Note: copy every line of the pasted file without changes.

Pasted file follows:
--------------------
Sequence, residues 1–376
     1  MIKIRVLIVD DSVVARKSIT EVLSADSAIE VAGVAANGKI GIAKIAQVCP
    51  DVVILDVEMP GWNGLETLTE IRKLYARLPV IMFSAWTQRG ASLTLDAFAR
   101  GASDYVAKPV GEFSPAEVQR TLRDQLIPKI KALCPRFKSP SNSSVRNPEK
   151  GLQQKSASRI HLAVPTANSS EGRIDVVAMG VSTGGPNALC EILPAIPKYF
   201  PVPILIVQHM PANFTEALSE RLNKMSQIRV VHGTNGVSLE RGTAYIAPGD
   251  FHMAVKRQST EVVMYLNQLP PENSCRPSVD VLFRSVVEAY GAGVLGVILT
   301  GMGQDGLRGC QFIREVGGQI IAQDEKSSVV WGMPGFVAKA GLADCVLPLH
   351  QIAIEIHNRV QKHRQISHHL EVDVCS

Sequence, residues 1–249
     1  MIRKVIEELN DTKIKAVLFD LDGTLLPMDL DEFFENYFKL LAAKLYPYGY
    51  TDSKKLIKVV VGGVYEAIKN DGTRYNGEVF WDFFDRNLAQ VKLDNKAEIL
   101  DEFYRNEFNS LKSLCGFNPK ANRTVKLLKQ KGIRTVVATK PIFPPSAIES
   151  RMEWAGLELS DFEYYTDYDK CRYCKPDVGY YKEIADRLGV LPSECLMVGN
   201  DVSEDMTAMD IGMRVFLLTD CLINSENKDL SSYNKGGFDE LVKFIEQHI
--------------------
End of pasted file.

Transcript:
Sequence, residues 1–376
     1  MIKIRVLIVD DSVVARKSIT EVLSADSAIE VAGVAANGKI GIAKIAQVCP
    51  DVVILDVEMP GWNGLETLTE IRKLYARLPV IMFSAWTQRG ASLTLDAFAR
   101  GASDYVAKPV GEFSPAEVQR TLRDQLIPKI KALCPRFKSP SNSSVRNPEK
   151  GLQQKSASRI HLAVPTANSS EGRIDVVAMG VSTGGPNALC EILPAIPKYF
   201  PVPILIVQHM PANFTEALSE RLNKMSQIRV VHGTNGVSLE RGTAYIAPGD
   251  FHMAVKRQST EVVMYLNQLP PENSCRPSVD VLFRSVVEAY GAGVLGVILT
   301  GMGQDGLRGC QFIREVGGQI IAQDEKSSVV WGMPGFVAKA GLADCVLPLH
   351  QIAIEIHNRV QKHRQISHHL EVDVCS

Sequence, residues 1–249
     1  MIRKVIEELN DTKIKAVLFD LDGTLLPMDL DEFFENYFKL LAAKLYPYGY
    51  TDSKKLIKVV VGGVYEAIKN DGTRYNGEVF WDFFDRNLAQ VKLDNKAEIL
   101  DEFYRNEFNS LKSLCGFNPK ANRTVKLLKQ KGIRTVVATK PIFPPSAIES
   151  RMEWAGLELS DFEYYTDYDK CRYCKPDVGY YKEIADRLGV LPSECLMVGN
   201  DVSEDMTAMD IGMRVFLLTD CLINSENKDL SSYNKGGFDE LVKFIEQHI